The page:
Jennifer: Well certainly austerity budgets are not the answer to getting out of deficits and the large amount of debt that we've now accumulated which we had to do. We had to throw everything at this. Because we've seen what's happened in other countries. You can't have the levels of unemployment because leaving aside statistics that's about someone's life that's just been destroyed, and we have avoided that in Australia. So I think you have to throw everything at it. The challenge now going forward is getting the right mix of spending restraint and continuing to invest in our social services. But most importantly, continuing to drive growth. And you know, that is all going to have to be driven by the private sector. And we've got to do more on getting it easier to do business. I think the skills stuff is fantastic, but we can still do more so that people can upskill which means they get access to higher paid jobs. We've got to do more on digital. We've done a lot in this budget and now companies have to take that up and digitise their businesses which will drive productivity. We just can't take our foot off those things that are going to make us more competitive, drive our domestic economy. So that as we start to participate in the world economy again from a people point of view at least, we're ready to go. I think people are always very critical of things whereas I try to say well what's really positive about this? And I think Australians should be just so pleased that we are not in the position that so many countries are in.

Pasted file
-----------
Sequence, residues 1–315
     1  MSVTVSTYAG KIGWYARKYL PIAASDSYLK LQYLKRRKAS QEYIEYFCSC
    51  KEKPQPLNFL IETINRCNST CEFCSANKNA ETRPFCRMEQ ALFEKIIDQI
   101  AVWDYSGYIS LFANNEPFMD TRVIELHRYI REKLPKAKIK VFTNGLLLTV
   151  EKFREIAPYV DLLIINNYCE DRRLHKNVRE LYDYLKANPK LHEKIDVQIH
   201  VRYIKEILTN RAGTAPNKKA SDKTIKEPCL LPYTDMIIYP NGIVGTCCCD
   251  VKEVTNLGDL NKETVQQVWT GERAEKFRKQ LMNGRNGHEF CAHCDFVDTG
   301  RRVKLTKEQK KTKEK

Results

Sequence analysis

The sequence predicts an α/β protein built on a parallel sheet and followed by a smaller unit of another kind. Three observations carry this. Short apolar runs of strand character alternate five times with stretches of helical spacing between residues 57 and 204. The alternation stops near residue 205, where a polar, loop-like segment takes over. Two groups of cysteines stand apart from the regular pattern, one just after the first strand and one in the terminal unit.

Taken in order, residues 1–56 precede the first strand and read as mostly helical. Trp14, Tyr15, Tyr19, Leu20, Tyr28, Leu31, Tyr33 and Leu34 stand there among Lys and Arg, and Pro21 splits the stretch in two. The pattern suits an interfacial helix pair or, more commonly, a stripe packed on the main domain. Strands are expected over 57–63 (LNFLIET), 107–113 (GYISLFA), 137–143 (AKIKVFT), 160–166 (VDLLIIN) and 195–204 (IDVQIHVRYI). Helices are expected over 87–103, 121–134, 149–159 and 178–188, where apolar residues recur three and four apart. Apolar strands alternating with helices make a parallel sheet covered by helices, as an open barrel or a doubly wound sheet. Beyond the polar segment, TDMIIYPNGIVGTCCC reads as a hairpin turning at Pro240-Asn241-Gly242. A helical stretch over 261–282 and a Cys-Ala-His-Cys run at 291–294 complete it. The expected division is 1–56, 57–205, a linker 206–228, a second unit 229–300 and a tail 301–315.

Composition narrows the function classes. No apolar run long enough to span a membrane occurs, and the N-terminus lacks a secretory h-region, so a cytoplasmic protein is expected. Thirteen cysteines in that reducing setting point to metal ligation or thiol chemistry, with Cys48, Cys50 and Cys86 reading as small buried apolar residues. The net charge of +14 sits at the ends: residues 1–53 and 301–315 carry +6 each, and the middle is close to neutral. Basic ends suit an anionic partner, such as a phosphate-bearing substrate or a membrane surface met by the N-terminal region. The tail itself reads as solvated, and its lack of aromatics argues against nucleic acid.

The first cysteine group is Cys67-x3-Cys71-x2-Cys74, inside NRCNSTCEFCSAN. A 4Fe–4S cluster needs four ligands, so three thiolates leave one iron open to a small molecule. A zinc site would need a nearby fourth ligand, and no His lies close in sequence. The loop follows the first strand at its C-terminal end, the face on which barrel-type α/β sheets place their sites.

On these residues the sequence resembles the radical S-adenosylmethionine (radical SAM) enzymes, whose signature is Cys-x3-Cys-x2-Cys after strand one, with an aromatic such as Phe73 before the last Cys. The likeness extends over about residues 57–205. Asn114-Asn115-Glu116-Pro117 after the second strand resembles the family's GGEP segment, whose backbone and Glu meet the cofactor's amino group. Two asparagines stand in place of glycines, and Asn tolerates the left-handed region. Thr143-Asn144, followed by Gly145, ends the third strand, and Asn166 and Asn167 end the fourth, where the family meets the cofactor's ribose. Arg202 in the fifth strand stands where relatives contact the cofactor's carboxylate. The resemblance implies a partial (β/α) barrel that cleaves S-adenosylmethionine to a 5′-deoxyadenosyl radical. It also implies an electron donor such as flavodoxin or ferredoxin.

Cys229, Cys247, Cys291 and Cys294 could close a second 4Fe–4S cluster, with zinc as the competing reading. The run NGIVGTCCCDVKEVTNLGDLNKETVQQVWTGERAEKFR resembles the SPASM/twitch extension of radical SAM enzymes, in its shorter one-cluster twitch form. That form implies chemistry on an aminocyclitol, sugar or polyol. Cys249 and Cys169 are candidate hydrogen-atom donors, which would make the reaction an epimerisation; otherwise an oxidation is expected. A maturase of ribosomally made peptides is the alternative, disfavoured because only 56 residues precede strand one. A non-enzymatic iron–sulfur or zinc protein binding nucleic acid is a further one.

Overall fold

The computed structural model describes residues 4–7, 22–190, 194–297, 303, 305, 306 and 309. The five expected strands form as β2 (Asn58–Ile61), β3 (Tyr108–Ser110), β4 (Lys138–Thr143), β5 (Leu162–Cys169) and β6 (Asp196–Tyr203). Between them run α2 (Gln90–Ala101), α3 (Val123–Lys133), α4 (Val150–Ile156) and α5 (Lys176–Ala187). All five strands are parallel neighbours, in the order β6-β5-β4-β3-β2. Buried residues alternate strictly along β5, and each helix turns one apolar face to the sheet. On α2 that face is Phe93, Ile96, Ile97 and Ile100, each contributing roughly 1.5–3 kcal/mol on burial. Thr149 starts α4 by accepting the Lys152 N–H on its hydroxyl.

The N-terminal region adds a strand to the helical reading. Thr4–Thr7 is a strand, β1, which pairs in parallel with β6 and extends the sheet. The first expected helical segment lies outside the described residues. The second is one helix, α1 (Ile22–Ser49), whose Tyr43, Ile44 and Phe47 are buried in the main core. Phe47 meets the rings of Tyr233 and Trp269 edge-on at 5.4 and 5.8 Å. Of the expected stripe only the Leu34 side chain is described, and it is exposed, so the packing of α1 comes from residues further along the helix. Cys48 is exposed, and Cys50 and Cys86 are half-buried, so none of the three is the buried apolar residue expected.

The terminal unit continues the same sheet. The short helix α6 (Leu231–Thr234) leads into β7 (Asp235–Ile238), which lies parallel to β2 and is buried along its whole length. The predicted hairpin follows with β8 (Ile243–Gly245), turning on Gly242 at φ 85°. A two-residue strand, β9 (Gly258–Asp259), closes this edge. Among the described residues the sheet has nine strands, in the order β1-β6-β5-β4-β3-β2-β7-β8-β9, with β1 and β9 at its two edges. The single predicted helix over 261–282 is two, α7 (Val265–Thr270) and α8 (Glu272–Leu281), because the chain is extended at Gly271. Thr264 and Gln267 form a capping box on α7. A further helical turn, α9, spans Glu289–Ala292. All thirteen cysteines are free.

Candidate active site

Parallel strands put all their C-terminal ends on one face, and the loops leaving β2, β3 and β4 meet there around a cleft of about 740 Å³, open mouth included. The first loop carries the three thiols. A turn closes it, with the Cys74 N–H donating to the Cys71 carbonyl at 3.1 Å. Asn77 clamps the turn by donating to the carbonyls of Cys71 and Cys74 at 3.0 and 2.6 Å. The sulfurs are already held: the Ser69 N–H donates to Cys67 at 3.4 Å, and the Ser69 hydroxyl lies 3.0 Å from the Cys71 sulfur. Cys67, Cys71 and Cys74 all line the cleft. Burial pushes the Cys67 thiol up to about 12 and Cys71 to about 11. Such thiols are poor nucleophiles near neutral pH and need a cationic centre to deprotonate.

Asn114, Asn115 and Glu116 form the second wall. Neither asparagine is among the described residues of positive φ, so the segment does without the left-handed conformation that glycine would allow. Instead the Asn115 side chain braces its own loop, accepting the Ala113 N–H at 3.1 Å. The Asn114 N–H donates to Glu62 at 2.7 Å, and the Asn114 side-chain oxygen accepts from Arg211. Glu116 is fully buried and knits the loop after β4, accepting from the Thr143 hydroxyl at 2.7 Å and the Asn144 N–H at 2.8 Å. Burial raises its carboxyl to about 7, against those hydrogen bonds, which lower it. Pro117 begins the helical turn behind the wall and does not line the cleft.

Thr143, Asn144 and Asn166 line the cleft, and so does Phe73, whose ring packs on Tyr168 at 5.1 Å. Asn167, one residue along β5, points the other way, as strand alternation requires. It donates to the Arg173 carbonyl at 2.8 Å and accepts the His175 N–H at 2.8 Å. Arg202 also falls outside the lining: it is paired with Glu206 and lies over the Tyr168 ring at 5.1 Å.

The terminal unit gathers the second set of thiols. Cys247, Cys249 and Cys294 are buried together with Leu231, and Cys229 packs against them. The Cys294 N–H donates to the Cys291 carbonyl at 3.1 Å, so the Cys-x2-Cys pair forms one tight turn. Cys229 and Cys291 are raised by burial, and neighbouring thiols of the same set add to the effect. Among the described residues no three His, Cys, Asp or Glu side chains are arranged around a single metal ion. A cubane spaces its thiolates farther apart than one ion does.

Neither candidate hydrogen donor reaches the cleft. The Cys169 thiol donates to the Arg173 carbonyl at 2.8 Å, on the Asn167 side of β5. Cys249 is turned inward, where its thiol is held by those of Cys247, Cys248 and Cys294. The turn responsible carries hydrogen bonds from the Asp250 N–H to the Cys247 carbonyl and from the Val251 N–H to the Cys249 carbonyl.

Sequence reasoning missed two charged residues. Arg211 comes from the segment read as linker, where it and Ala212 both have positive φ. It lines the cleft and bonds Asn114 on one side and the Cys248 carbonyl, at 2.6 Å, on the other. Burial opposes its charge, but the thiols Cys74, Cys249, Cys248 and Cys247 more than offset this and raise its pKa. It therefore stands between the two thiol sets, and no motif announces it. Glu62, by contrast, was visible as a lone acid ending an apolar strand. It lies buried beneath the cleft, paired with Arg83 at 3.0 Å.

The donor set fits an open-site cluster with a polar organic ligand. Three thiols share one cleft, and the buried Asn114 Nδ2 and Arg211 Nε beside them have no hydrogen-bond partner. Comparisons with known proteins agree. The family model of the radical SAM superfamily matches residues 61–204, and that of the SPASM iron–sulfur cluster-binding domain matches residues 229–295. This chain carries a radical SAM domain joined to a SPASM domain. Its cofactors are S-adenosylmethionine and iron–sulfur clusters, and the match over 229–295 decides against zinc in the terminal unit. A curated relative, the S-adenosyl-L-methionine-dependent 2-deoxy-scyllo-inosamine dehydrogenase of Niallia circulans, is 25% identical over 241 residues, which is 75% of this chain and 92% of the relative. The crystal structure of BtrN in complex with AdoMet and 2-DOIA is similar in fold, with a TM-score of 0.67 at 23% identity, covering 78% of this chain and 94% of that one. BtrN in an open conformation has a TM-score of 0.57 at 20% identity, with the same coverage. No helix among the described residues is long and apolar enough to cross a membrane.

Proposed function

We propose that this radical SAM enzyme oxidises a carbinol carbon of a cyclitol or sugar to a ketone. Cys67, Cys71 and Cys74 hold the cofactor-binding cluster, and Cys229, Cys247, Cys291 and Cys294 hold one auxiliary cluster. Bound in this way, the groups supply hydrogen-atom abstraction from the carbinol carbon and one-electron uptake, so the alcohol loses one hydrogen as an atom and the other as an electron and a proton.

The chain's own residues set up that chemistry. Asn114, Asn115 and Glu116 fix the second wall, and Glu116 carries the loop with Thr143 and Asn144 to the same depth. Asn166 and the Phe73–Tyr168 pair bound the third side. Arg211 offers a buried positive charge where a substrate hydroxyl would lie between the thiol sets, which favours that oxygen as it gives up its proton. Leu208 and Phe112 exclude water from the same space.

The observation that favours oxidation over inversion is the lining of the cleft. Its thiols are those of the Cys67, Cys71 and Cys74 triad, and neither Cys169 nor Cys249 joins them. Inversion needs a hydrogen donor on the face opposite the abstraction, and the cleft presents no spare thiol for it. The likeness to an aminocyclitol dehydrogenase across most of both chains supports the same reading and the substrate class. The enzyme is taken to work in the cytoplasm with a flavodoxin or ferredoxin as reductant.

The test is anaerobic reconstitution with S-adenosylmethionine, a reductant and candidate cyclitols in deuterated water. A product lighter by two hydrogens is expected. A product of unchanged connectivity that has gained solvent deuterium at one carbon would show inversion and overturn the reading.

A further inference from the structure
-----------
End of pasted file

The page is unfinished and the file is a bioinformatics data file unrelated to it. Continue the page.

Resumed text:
Thomas: And important to put that in perspective no doubt. What do you make though of Australia's borders being closed for another year? Obviously, a tough time for tourism and hospitality for example in particular.